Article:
Space Weather Update

Its been a while since space weather graced this blog, far too long if you ask me. With that in mind, ponder a Sunday night space weather update.

As I write solar wind blows at 354.8 km/second, 1,967 potentially hazardous asteroids are identified within 100 LD (lunar distance) from our planet and 2 observable fireballs have been recorded in the past 24 hours. Despite a lull in solar activity courtesy cyclical expectations of solar minimum, a behemoth Earth facing hole in the Sun’s surface catapults solar wind in our direction. Contact with Earth’s magnetic field is anticipated on February 19 or 20th. Aurora watchers can expect geomagnetic storms.

On Monday February 18, Sirius, the brightest star in our night sky will be eclipsed by asteroid 4388 Jurgenstock (ürgenstock)

In sharp contrast to February 2018 which came and went without a full moon, February 19, 2018 delivers a supermoon designated the closest full moon of the year.

Few people know what space weather is, let alone grasp how it impacts life on Earth. If you were a passenger on NetJets flight 795 from White Plains to Burbank last week, you received a radiation dose of x 68.4 that of radiation exposure at sea level. Space weather is real and it matters. Happy Sunday.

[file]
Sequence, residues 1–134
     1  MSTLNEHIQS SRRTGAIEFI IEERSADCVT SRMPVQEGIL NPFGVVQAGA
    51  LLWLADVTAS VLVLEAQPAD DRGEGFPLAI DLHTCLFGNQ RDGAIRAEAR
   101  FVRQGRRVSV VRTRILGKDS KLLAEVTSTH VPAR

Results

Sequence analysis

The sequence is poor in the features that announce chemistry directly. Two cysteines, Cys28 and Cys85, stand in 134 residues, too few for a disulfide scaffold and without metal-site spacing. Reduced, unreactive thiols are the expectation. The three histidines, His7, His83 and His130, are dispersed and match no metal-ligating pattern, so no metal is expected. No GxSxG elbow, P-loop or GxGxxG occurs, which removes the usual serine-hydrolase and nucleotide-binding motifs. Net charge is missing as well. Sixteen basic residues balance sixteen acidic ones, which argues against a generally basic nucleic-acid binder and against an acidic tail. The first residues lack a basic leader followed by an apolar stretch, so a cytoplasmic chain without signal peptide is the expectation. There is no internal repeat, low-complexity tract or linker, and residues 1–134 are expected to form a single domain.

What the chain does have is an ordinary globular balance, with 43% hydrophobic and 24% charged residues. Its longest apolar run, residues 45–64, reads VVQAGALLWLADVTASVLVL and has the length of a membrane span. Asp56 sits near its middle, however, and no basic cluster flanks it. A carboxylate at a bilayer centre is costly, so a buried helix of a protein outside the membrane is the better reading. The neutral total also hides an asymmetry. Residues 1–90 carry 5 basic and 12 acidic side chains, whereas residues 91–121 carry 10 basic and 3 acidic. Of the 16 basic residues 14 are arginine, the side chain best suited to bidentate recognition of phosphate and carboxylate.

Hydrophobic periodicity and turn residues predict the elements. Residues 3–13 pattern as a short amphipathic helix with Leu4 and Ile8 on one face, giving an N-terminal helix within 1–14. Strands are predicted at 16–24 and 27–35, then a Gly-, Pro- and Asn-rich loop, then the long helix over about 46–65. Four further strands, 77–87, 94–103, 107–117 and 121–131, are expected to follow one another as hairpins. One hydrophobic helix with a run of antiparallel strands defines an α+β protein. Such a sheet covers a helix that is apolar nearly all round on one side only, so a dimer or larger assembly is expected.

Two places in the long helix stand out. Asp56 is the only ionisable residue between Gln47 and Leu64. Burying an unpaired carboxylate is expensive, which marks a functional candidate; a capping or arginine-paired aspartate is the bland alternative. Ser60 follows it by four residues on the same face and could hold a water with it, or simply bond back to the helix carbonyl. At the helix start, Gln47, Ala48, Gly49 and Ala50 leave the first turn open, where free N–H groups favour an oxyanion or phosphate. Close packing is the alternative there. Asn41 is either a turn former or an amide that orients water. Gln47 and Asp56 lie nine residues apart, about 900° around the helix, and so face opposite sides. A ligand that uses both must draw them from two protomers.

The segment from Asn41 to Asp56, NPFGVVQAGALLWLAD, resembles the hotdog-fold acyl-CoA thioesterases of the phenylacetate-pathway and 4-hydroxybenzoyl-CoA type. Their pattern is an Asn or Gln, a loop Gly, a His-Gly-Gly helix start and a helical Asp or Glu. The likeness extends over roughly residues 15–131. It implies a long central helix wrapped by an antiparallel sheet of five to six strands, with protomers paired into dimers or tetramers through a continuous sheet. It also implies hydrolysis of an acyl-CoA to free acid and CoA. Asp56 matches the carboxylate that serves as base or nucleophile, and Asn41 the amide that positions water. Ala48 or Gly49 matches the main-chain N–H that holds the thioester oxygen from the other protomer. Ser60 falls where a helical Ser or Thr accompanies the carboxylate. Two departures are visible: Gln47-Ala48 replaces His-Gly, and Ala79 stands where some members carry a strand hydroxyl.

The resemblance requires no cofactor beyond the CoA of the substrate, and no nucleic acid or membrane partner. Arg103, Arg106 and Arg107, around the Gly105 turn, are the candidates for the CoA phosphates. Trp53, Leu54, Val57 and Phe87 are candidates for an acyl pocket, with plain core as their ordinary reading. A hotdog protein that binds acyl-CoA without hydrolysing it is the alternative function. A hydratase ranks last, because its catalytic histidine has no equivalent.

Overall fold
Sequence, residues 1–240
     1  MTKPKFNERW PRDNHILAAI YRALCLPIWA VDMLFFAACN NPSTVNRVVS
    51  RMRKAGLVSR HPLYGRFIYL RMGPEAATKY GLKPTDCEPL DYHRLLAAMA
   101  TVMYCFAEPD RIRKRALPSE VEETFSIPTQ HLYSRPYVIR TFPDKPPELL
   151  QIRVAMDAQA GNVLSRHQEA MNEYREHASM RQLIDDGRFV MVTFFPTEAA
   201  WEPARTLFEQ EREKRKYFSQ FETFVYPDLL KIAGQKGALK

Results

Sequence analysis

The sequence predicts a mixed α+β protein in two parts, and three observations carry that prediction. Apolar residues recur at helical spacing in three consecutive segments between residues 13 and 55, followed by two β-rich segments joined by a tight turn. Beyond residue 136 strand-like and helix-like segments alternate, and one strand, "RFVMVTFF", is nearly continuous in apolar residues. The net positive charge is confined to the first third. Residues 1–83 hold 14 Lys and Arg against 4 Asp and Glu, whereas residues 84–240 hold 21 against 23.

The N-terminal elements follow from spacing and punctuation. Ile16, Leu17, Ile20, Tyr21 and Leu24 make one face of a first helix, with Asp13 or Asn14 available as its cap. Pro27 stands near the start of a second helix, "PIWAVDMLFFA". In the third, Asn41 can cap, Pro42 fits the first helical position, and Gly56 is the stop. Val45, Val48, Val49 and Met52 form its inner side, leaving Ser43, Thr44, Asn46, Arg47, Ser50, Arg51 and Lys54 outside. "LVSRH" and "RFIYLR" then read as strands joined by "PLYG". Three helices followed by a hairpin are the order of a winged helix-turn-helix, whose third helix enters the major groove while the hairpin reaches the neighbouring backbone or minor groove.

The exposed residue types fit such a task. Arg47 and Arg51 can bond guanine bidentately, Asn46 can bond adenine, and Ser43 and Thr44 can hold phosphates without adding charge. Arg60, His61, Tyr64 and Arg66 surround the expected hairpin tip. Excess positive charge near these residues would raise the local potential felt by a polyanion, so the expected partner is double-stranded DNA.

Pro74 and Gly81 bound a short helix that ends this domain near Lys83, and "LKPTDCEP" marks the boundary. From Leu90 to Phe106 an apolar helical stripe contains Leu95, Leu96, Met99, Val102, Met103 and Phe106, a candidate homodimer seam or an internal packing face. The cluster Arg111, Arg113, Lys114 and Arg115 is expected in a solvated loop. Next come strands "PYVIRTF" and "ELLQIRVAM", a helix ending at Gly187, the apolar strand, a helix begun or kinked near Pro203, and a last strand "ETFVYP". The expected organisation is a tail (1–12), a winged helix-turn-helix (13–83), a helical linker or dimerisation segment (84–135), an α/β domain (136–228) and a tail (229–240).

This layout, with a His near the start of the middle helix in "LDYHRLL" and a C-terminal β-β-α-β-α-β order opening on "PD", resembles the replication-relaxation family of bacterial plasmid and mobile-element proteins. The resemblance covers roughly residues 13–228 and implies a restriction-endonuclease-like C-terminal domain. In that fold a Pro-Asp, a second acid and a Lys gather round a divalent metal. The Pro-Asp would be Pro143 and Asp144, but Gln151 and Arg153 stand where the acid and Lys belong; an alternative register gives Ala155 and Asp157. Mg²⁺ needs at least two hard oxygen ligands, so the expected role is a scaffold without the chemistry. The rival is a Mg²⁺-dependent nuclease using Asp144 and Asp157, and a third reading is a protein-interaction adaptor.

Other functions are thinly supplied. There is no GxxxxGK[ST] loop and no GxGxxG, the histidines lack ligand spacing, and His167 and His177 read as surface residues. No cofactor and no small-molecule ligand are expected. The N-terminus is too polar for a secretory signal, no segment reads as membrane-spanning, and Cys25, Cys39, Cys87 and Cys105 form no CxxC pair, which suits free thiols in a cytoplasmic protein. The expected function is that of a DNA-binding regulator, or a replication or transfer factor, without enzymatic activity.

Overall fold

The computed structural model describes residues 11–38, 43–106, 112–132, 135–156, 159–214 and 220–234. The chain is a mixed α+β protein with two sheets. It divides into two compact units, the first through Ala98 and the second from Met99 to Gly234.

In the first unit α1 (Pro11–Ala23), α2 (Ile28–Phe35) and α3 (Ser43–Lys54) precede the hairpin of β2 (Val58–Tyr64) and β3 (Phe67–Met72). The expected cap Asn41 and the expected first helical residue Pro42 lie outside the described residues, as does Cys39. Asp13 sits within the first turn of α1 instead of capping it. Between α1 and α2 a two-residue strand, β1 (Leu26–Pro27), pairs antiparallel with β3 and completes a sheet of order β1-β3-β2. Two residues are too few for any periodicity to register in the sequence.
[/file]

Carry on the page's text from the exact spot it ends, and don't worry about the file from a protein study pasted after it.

Visitor From Beyond the Kuiper Belt

On February 12/13, 2019 comet Iwamoto makes a rare visit to our corner of the universe. Discovered in 2018 by amateur Japanese astronomer Massayuki Iwamoto, his namesake passes harmlessly at a distance of 45 million km. with astronomical magnitude of +6.5 – too faint for the human eye, easily observed by backyard telescopes. With a wonky elliptical orbit of 1,371 years, comet Iwamoto hasn’t said hello since 648 AD and won’t be back until the year 3390. Point your telescope toward constellation Leo around midnight on the 12th to catch a glimpse of Iwamoto.

Comet Iwamoto (C/2018 Y1) hails from beyond the Kuiper Belt. Officially this Extreme Trans-Neptunian Object (ETNOs) comes from a distance 5 times greater than that of Pluto to the Sun. Regarded as a “dirty snowball” –

“The most popular theory about the nature of comets was put forward by American astronomer Fred Whipple, often known as the “grandfather” of modern cometary science. Whipple believed they were like dirty snowballs – large chunks of water ice and dust mixed with ammonia, methane and carbon dioxide. As the snowball approached the Sun, its outer ices began to vapourise, releasing large amounts of dust and gas which formed the characteristic tails.